[FFmpeg-devel] DaVinci DSP optimizations

Ramiro Polla ramiro
Wed Apr 2 11:13:46 CEST 2008


Those that can access the GSoC applications have seen that I applied one
for DaVinci DSP optimizations.

I wrote it quickly on Sunday:
The Texas Instrument DaVinci technology combines a general purpose
processor (ARM) and, depending on the model, a few DSPs aimed at
complete multimedia processing on a single chip.
It is currently being used by some Set-Top Boxes and Personal Video
Recording devices.
Most devices depend on proprietary codec packages, and there is no
open-source library that can use all the power of the DaVinci chips.
This project aims at writing such optimizations to FFmpeg, and for
that possibly write an infrastructure that can be used by other recent
heterogeneous processor architectures, such as the PS3 CELL.

Neuros Technology uses DaVinci chips for their OSD2.0 devices.

I'll elaborate on the idea:
I don't have a PS3 nor have ever worked with one to know how it works
with its DSPs, but I have worked some time with DaVinci.

I have contacted the folks at Neuros Technology for more information
about helping out the possible mentor of such task with hardware or
more information on the chip itself.

One problem that they pointed out (and I think just might be the
show-stopper) is that there are yet no free compilers for the DM6446
DSP used by DaVinci.
There was a port of GCC for the earlier DSPs, but I don't know how
that's going with the new ones.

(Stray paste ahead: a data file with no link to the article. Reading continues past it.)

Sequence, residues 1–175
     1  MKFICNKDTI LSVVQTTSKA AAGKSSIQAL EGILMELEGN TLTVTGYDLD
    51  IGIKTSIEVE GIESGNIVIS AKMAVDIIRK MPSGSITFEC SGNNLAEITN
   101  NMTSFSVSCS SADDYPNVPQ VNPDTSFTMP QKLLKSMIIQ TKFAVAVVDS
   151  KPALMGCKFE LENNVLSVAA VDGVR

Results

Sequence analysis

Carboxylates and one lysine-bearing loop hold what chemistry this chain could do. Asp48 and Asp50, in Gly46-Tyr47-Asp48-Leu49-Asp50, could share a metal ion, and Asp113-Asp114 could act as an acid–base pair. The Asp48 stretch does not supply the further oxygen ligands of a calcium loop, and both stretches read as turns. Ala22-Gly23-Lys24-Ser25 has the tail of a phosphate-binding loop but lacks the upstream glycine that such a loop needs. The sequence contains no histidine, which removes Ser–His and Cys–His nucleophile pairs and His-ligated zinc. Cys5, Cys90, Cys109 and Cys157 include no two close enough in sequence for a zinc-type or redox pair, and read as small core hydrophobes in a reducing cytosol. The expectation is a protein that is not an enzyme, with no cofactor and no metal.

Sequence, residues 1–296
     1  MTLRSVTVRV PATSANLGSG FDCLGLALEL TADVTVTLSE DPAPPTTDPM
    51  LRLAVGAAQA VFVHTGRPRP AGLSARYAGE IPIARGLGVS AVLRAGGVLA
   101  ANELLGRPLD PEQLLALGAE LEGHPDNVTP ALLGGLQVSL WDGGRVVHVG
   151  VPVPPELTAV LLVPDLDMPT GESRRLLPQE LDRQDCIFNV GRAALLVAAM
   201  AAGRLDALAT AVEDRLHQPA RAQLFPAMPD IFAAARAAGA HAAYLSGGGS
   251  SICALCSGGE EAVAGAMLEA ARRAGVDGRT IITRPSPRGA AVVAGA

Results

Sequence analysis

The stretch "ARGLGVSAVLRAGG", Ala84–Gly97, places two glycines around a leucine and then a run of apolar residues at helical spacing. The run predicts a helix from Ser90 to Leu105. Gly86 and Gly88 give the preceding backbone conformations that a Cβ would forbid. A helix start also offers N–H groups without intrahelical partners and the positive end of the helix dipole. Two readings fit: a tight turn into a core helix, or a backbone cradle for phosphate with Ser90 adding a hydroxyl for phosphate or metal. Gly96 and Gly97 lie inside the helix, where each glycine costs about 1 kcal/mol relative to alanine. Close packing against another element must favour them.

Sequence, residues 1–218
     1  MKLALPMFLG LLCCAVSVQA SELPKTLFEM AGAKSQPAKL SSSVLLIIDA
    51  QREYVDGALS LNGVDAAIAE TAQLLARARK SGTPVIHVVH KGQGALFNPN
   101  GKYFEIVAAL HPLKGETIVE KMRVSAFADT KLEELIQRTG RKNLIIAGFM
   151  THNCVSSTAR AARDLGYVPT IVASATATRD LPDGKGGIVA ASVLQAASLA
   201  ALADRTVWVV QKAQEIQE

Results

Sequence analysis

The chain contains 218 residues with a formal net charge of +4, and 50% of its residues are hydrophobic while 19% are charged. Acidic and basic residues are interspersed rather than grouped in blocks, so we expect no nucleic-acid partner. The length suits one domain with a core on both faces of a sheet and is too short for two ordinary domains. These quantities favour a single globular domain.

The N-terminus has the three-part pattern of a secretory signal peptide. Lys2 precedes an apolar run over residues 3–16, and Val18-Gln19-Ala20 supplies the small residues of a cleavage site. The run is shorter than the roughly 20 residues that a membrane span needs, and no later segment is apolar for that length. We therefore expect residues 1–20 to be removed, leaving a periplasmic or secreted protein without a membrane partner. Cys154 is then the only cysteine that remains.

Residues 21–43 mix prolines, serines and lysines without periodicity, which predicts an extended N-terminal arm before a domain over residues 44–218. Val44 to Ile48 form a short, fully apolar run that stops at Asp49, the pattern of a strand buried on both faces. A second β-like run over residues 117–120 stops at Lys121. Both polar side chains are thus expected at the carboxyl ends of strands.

This is part of a reply I got from Joey Born and Ugo Riboni from
Neuros Technology:
JB: There is no free compiler for the c64x DSP, although there are a number
JB: of efforts to create one.  Your best bet is to try to get a loaner copy
JB: of the developer tools from TI.  We have arranged some of these and can
JB: probably help if you are selected.  You say DSP optimizations for which
JB: codec?

The problem is, the optimized code Ramiro will produce will be
compilable only with these loaner versions of the compiler, and
"normal" people can't use these, so they can't compile it.
Thus getting that code in ffmpeg source feels pretty weird to me.
Or is this not a concern ?

One alternative may be lobby TI to release some stripped
open-source-only version of that compiler, that can be freely used by
OSS projects only.
Just like they did with the c54x compiler.

This is a white paper about the Codec Engine interface TI supplies, and
that I would use as a basis in dsputils to manage the load on different

Ramiro Polla

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